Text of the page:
Growing our Generation: My true passion

Erika Murray of Morrow County, is editor of the Nov. 6, 2017 Growing our Generation e-newsletter, featuring insights and ideas directly from Ohio’s young farmers and food and agricultural professionals.

Hello, my name is Erika Murray from Mt.Gilead in Morrow County. I am the Administrative Assistant at the Morrow County Soil and Water Conservation District but my true passion is cattle and farming.

I grew up around farming. We had beef cows, chickens, and crops at my house and down the road my grandparents had a dairy and grain farm. It was an old eight stanchion tie, flat parlor dairy and over 350 acres of hay and grain. My most precious childhood memories all involve the farm, from baling hay and straw, to making silage, to rushing around to back wagons in before the rain hits. After 40 years of milking, in November 2008, my grandma sold the last dairy cow to a neighboring dairy and switched over to beef with the cow/calf herd she had started a couple years before. I have maintained my own herd of 4-5 head as well as a flock of layer hens. My fiance, Ethan, a small grain farmer from Southern Indiana, and I will be married later this month and plan to purchase our own land to start a grass fed beef operation within the next year or so.

I have been on the county Farm Bureau board for three years now and am currently the board secretary. I am part of the county YAP planning committee as well. In 2016, I traveled to Kansas City with the State YAP Committee as one of 10 selected to go to the YF&R Conference, which was a great experience that I would recommend to anyone!

Fair is where steers win ribbons
steers
Estate planning has become a popular subject in the ag community. Farming has changed from what the older generations experienced and has become more of a business than only a way to feed the family. On my family farm, my grandma has her will planned out for when she passes. Each of her five children will receive an equal share of land, even though only two of the five have any interest in the farm and keeping it running. This tends to be the case on a lot of family farms due to the older generation’s mindset of ‘keeping things fair’ and avoiding conflict among the siblings. But what is fair really? The siblings that have worked day in and day out on the farm, having to struggle to keep it going, or having to split the farm because they can’t afford to buy out or rent the land from their siblings who don’t want to farm it but would rather sell it? This article from the Eastern Farm and Livestock Directory a few years back gives a nice example of what farms like my family’s are experiencing.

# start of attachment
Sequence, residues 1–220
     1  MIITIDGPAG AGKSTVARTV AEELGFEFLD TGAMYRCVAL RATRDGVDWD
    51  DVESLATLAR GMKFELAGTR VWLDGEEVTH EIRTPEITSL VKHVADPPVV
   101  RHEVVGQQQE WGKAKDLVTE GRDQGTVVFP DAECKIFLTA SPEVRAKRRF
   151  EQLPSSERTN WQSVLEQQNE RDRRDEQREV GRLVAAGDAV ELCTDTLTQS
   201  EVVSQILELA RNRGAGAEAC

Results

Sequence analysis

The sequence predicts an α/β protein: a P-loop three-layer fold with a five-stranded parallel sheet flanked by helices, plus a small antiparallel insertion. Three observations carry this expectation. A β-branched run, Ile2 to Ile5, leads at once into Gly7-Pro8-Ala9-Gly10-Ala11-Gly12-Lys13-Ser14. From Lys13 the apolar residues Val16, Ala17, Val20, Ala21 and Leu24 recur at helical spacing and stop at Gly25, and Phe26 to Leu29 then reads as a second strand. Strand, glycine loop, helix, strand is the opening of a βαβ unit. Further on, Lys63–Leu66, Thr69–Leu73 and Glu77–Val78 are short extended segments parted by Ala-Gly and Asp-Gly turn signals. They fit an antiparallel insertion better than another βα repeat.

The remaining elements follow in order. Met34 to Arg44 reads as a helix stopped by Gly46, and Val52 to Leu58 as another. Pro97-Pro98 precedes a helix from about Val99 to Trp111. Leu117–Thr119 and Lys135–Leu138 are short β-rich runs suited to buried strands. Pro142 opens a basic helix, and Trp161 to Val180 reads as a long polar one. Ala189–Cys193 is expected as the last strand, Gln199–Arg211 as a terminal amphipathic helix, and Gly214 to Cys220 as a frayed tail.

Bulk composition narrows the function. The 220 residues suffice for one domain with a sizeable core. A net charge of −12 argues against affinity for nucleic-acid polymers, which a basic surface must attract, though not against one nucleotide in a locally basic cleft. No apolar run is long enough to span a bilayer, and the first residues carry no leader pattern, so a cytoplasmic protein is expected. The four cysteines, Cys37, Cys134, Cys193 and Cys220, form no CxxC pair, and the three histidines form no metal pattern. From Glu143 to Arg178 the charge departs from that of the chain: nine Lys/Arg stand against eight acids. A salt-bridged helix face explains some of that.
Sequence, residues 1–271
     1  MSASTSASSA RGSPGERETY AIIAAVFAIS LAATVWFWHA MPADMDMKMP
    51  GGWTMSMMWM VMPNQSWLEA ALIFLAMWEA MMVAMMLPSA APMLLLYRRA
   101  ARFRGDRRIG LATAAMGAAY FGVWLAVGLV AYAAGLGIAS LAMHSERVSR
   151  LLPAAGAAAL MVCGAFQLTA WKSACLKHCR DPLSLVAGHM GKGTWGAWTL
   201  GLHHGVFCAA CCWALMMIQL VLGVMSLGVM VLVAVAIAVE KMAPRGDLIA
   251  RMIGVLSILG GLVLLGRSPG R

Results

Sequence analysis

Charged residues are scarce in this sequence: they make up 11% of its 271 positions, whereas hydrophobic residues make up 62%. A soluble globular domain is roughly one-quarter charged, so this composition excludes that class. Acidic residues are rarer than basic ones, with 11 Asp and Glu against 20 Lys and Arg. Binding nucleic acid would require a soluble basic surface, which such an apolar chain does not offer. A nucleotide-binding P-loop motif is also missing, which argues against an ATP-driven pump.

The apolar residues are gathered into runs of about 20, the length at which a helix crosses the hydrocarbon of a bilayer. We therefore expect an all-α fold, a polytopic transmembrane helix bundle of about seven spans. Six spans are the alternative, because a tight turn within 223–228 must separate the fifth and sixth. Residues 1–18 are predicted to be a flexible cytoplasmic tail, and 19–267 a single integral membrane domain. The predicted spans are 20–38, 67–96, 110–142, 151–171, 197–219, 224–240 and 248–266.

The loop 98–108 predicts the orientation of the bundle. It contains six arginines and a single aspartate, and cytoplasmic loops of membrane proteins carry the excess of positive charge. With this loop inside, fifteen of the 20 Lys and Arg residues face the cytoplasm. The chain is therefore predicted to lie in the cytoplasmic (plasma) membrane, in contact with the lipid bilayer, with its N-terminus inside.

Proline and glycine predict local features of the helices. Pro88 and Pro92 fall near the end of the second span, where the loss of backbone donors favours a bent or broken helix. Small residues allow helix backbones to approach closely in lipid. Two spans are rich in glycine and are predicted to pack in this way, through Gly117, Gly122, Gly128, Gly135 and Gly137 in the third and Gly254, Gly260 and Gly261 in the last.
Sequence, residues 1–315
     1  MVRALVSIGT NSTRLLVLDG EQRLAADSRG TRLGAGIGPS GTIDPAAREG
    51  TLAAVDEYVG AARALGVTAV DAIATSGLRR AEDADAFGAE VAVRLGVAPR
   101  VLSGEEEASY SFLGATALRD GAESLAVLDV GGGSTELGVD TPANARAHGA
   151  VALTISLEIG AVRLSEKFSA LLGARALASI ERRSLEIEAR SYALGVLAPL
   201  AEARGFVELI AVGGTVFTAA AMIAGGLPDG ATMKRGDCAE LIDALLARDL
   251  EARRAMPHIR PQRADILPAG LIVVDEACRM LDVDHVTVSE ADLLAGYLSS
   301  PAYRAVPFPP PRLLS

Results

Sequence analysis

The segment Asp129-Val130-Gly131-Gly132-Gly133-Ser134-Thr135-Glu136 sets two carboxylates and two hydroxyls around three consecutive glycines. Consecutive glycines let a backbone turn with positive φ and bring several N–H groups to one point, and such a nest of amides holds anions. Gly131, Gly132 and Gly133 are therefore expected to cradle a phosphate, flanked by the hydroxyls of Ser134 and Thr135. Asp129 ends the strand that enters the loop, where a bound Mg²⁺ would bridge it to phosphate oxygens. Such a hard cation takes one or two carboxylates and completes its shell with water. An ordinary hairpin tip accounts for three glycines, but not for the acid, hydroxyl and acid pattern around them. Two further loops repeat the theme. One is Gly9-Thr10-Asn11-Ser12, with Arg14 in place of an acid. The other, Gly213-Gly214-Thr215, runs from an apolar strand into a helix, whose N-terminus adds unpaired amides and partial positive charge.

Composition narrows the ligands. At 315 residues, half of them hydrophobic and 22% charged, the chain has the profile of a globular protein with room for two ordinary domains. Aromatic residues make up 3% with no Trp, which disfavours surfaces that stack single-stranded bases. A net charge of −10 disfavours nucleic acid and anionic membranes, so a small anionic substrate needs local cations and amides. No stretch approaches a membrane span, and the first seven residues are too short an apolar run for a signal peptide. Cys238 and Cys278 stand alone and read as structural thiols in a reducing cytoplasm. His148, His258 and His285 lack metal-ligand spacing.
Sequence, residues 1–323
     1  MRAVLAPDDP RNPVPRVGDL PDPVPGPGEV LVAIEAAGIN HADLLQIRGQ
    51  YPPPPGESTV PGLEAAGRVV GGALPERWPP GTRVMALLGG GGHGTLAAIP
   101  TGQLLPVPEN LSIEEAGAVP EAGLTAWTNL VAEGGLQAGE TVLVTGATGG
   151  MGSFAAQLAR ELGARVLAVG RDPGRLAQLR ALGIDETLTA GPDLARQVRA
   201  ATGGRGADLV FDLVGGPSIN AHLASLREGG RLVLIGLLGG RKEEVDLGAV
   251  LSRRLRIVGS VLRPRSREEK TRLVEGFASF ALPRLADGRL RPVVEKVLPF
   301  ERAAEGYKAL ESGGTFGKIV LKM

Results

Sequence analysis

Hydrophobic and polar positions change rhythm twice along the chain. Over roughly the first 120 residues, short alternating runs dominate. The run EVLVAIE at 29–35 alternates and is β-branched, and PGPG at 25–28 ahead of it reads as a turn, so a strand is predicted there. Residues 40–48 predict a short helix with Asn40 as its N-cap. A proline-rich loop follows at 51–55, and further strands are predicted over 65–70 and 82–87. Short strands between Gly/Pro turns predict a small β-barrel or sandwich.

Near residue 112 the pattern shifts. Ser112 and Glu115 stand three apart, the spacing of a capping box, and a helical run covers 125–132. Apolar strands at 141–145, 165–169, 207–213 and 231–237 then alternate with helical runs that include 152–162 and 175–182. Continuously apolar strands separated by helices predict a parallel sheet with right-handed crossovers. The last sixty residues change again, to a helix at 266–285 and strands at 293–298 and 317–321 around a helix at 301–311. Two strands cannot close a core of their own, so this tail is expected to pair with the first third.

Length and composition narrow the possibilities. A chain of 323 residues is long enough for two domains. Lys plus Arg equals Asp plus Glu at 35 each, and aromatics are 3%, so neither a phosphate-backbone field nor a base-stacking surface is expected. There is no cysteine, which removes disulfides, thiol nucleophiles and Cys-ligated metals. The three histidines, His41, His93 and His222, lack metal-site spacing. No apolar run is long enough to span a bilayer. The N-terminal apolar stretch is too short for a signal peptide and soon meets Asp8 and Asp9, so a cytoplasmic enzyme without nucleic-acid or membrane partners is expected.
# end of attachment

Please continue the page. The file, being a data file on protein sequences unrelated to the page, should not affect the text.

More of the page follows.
Always learning

Back in September, my office held a field day along with the county Extension office. The field day was held at our outdoor education center and cover crop plots. We had speakers on the effects of climate change on agriculture, updates from both the NRCS and FSA offices, soybean cyst nematodes, and finally on the tri-state rate trials we have been using in our plots.

field-dayThe field day was five hours and full of information, with lunch provided. However, the attendance was not especially high. I have seen this problem on several different occasions. Farmers today often have off the farm day jobs along with their farming or tend to have too much going on with the farm to attend these educational programs. There is a quote I much agree with, “Learn everything you can, anytime you can, from anyone you can – there will come a time when you will be grateful you did.” In this ever changing world, it is important to keep learning, networking and growing, and county field days, YAP events, seminars or other community events are great opportunities to expand your knowledge and learn something new. The people you meet at the functions tend to be as important as the topics themselves. They may have new ideas, connections or be a resource for you down the road.

Mmm, mmm, pie!

pie-1One of my favorite fall activities is enjoying fresh picked apples, from making applesauce for the freezer, to baking homemade apple pie and eating caramel apples. My family has about six good apple trees and this year they were loaded with apples. Every year, my aunt and I each make several batches of homemade cinnamon applesauce and the past two years I’ve also gotten into canning pie filling.

Here is a simple and delicious recipe I found and used this year for canning pie filling.

I love baking pies and my favorite to bake is Dutch Apple. I have also won first place with it in a couple of pie contests. Here is the recipe I use:

Crust
1 ¼ cup flour
½ teaspoon salt
1 ½ teaspoons sugar
⅓ cup shortening
3 tablespoons cold water

Combine flour, salt and sugar. Cut in shortening with a pastry blender until mixture looks like meal. Add water a little at a time and mix with a fork until it sticks together. Place in 9” pie plate.

Filling
6-8 apples peeled, cored, and sliced (enough to fill the pie pan)
1 ½ cup light brown sugar
½ cup flour

Layer sliced apples with brown sugar/flour mix

Crumb topping
1 ½ cup light brown sugar
½ cup flour
1 tablespoon cinnamon
½ stick butter, incorporated until crumbly

Bake at 350 degrees for 1 hour or until juice becomes like syrup.

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This e-newsletter is brought to you by Ohio Farm Bureau’s Young Ag Professionals. Learn more about Farm Bureau membership, including a discounted category for those 18-24 years old.

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